July 19, 2006
The Stem Cell Research Enhancement Act of 2005 (HR810), approved by the US House of Representatives in 2005, gained a 63-37 approval in the Senate on July 17th, 2006, and will now be presented for presidential approval or veto.
Bill HR810 passed by the Senate as SB471, overrides the 2001 executive order signed by George W. Bush that banned funding by the National Institutes of Health (NIH) for embryonic stem cell research of stem cell lines created after the executive order was issued. The new bill does not include a provision against privately funded research, which is legal under the law, only research funded by NIH.
The bill includes three ethical requirements for funded research. First, the stem cells were derived from human embryos that have been donated from in vitro fertilization clinics, were created for the purposes of fertility treatment, and were in excess of the clinical need of the individuals seeking such treatment. Second, prior to the consideration of embryo donation and through consultation with the individuals seeking fertility treatment, it was determined that the embryos would never be implanted in a woman and would otherwise be discarded. And lastly, the individuals seeking fertility treatment donated the embryos with written informed consent and without receiving any financial or other inducements to make the donation.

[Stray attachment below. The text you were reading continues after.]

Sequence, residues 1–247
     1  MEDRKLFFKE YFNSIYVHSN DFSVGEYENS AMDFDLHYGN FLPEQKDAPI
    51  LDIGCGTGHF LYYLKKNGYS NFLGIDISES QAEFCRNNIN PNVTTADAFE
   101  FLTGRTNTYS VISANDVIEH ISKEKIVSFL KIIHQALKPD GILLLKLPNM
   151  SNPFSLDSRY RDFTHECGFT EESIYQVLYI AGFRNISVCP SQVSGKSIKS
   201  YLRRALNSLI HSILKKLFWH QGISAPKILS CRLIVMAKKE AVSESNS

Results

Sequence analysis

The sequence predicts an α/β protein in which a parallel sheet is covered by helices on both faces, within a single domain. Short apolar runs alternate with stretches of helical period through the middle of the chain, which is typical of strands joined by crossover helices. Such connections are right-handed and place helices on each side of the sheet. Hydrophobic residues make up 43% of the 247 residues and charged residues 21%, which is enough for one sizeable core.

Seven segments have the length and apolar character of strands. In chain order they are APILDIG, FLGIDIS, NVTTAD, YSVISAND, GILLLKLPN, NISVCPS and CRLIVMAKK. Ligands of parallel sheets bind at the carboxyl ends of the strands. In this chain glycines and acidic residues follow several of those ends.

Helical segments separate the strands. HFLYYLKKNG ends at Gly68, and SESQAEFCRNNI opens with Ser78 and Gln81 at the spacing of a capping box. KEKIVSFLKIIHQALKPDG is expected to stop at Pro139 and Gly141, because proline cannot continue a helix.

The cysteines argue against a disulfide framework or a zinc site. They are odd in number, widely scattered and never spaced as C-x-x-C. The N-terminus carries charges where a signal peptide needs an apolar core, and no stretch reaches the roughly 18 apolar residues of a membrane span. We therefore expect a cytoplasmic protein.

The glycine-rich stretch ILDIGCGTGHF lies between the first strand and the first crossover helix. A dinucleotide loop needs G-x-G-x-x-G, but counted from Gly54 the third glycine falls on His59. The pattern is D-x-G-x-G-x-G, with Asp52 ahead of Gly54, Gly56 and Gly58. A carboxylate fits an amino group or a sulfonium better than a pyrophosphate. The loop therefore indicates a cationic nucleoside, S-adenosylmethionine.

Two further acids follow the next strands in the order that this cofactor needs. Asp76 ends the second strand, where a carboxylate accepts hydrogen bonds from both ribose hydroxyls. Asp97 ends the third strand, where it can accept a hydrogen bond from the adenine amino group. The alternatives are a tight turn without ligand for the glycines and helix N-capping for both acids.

President Bush is expected to veto the bill as early as today, White House Press Secretary Tony Snow said the veto would be "pretty swift".  This would be President Bush's first veto of his two terms in office.
As with any vetoed bill, a two-thirds majority of the House and Senate can override said veto, but the original vote (63-37) show that the Senate is more than likely to not get the override votes it would need. Even without the two-thirds original vote, Senator Carl Levin of Michigan has voiced support for a veto override. 
Two other bills, S2754 and S3504, the Alternative Pluripotent Stem Cell Therapies Enhancement Act and the Fetus Farming Prohibition Act of 2006, respectively, were failed and passed in that order by the House of Representatives. S2754 was introduced to the House this afternoon and failed by a vote of 273-154, S3504 was passed unanimously by the House and is also expected to be on the President's desk this morning.
Posted by Nathan | 2:17 AM | Permalink | 0 comments